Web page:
Since the mid-’90s, scientists have discovered the Greenland ice sheet has gotten increasingly dark.
The satellites are able to quantify the “albedo” of the Greenland ice sheet; basically just how much sun is reflected back towards space. The method isn’t viewable using the human eye, but the amount of albedo is detectable through satellite devices. This information was gathered and assessed in the study.
So just what is happening?
The research suggested that soot from wildfires mostly from North America is getting into the ice. Using the Global Fire Emissions Database, they discovered there is no rise in the variety of wildfires in the mid-nineties, indicating another offender was at play.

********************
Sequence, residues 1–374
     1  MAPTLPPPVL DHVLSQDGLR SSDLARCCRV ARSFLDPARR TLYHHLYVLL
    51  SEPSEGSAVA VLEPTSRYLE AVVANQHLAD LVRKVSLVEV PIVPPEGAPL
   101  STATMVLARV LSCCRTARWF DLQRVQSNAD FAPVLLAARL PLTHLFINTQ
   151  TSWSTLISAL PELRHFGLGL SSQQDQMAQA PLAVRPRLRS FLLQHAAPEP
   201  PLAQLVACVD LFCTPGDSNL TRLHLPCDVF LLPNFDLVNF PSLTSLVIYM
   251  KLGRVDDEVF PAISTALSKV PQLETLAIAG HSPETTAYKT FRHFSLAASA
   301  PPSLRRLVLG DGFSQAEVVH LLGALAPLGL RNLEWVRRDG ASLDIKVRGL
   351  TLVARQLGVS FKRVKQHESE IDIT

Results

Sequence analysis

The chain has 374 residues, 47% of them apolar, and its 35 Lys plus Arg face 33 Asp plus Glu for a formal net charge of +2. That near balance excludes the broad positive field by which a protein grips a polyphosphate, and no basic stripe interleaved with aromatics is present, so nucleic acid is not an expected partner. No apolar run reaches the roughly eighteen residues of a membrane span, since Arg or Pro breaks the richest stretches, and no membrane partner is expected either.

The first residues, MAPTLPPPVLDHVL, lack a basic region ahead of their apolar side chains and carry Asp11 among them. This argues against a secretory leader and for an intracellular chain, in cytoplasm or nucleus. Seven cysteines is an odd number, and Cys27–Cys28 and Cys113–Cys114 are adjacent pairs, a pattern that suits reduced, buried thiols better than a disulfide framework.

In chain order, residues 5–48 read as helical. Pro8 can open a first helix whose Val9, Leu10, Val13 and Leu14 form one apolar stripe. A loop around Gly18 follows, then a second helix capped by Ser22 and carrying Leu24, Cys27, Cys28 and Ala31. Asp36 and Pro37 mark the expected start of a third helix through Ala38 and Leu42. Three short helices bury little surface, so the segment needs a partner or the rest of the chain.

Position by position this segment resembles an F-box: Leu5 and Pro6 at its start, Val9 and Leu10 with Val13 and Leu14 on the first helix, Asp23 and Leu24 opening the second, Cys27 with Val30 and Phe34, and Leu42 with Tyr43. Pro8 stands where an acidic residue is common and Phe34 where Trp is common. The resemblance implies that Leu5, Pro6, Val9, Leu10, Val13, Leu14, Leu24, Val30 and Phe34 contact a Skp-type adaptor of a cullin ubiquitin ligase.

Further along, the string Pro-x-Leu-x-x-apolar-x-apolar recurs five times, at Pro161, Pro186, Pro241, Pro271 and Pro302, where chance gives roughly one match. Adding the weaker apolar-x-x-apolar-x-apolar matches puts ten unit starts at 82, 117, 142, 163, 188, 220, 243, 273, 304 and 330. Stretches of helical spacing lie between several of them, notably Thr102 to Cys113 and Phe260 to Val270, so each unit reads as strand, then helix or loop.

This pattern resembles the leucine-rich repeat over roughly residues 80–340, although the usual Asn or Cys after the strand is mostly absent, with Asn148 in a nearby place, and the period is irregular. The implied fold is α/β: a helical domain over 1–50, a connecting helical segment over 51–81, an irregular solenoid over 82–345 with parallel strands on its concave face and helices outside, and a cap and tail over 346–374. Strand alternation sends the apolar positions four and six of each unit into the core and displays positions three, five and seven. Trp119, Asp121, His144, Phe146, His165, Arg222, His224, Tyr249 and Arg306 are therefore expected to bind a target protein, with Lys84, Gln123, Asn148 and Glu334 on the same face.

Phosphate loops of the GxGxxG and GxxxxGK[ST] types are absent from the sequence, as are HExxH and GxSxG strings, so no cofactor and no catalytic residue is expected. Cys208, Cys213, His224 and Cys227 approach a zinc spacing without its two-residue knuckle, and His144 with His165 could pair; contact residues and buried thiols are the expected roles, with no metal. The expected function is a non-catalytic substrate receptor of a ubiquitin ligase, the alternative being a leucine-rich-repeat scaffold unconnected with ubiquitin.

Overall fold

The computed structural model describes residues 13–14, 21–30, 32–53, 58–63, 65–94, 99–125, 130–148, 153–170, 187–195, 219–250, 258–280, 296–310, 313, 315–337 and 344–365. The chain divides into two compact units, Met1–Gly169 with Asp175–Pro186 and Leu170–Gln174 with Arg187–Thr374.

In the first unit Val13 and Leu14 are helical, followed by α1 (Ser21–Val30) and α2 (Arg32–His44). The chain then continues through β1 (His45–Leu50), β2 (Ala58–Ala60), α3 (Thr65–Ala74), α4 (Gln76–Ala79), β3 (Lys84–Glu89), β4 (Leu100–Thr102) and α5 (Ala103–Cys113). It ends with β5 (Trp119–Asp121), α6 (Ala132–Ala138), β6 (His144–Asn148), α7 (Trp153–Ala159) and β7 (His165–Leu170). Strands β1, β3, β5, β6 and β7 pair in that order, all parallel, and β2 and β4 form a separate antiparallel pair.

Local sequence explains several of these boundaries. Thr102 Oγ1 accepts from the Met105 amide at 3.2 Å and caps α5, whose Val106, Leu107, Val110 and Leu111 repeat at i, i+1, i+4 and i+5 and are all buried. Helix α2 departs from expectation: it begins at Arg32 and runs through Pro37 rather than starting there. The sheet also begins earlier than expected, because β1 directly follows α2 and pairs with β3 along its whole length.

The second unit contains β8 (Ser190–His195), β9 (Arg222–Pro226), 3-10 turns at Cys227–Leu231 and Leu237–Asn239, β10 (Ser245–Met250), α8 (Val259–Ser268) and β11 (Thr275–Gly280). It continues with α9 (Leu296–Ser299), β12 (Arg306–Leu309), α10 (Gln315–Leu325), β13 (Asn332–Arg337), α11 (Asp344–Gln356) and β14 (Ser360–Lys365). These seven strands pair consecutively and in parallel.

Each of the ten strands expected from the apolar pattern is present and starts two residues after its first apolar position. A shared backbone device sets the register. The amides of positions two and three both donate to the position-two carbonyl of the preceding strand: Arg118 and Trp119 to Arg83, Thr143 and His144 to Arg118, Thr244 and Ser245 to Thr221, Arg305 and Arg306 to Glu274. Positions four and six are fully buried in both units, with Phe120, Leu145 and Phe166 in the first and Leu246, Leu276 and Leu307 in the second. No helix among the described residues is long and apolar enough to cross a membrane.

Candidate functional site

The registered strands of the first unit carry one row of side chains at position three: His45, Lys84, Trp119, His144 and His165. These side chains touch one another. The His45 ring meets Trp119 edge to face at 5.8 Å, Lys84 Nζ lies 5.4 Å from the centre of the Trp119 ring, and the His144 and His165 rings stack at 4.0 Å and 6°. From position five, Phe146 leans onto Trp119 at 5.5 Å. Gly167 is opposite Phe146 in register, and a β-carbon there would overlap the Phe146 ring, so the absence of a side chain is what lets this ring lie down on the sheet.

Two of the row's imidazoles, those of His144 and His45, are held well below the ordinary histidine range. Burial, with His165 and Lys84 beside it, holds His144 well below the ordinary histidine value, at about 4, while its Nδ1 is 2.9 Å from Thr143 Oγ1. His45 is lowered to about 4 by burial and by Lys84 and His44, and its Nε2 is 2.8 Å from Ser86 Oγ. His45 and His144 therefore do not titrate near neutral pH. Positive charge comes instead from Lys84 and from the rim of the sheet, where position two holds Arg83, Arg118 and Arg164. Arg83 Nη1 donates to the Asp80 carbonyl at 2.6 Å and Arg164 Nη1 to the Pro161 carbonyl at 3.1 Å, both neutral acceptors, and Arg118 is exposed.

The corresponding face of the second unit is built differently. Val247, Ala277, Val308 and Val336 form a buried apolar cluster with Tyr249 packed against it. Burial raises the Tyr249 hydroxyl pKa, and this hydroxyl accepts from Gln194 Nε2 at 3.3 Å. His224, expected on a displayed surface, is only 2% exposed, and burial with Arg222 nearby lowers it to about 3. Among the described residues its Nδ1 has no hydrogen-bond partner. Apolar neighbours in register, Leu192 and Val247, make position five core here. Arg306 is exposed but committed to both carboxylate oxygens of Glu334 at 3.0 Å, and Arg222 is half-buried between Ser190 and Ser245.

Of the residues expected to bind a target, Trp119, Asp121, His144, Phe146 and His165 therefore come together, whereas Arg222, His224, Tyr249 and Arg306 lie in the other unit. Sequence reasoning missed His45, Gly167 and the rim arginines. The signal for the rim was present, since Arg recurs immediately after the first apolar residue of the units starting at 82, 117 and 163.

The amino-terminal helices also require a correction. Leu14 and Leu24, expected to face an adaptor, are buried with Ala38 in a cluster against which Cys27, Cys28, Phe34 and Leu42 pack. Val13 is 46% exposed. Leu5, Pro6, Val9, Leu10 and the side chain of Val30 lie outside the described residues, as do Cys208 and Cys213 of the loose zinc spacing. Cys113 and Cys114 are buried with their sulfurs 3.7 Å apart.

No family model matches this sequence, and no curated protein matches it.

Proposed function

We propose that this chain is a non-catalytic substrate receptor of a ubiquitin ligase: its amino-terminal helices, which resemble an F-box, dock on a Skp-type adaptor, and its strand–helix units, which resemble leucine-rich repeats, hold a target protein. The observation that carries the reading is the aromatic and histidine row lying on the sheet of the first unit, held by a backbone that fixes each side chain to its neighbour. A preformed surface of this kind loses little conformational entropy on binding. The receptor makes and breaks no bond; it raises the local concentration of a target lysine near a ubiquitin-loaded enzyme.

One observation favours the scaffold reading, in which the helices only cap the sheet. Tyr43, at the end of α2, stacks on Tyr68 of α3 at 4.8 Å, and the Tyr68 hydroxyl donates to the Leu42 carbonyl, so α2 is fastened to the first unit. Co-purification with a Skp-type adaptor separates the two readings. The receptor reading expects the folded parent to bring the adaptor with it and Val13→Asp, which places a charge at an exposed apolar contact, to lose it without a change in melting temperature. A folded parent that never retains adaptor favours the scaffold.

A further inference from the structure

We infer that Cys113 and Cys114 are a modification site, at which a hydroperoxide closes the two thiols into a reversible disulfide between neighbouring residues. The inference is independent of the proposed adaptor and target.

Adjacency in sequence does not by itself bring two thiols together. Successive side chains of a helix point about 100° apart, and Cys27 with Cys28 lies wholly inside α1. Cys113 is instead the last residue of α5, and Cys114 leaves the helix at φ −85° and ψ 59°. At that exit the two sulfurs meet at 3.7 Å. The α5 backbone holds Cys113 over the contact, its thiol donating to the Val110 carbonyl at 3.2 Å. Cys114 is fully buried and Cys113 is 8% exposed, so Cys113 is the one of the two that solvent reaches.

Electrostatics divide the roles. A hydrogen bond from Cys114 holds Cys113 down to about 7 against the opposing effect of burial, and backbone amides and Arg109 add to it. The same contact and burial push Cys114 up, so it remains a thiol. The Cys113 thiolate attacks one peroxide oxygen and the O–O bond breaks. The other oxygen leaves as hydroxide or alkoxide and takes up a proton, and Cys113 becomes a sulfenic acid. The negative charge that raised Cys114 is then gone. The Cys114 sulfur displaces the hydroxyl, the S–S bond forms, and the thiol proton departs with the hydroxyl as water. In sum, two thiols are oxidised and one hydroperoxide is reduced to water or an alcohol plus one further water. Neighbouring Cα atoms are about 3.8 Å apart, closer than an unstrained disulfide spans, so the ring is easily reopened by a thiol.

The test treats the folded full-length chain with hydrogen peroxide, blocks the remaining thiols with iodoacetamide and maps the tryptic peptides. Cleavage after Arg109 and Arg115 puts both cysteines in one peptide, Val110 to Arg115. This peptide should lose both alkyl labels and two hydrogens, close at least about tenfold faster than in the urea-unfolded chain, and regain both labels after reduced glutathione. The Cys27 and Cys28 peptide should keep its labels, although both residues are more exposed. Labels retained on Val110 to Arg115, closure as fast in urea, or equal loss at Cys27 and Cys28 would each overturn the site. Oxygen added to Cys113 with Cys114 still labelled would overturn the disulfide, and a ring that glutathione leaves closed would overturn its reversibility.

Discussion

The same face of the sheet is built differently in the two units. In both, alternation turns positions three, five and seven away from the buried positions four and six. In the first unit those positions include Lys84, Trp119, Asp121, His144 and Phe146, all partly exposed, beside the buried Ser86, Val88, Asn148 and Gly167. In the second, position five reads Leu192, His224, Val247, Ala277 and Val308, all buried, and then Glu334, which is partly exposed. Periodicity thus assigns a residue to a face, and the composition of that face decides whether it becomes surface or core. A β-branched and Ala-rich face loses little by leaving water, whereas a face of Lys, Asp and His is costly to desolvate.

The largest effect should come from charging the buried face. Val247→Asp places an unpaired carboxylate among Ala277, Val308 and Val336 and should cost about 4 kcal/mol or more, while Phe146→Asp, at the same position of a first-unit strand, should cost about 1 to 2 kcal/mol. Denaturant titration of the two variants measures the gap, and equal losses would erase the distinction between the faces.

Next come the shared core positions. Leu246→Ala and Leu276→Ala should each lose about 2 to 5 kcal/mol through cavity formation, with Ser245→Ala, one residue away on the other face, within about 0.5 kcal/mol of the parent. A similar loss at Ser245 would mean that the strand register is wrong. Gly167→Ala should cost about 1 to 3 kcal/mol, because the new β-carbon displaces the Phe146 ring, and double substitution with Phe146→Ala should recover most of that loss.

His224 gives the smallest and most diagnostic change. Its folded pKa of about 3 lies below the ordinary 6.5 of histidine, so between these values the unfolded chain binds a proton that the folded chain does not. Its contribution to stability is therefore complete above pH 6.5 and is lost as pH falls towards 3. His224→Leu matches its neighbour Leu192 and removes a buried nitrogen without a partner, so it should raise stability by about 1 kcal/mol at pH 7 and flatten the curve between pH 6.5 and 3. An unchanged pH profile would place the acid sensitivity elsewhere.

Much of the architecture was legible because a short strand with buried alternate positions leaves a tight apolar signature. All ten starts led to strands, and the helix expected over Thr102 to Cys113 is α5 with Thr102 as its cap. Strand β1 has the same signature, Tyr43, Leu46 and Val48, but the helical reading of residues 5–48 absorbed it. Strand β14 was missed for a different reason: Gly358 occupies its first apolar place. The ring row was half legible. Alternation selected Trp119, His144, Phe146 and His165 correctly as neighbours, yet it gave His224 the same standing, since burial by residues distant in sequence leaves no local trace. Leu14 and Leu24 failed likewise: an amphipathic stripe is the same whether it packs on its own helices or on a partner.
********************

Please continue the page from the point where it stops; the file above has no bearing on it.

They discovered that temperatures were increasing.
The snowpack of the sheet has a continuous procedure for thawing and refreezing throughout the seasons. But, the warmer and more brilliant summers are creating a larger thaw in the ice. The grains of ice get bigger and bigger.
The real problem with this particular darkening is that the more exposed it is to melting, the dimmer it becomes.
It is a complicated system of interaction involving the atmosphere as well as the ice sheet surface. As heating goes on, the feedback from decreasing albedo will accumulate. It is a train running down, as well as the hill is getting steeper.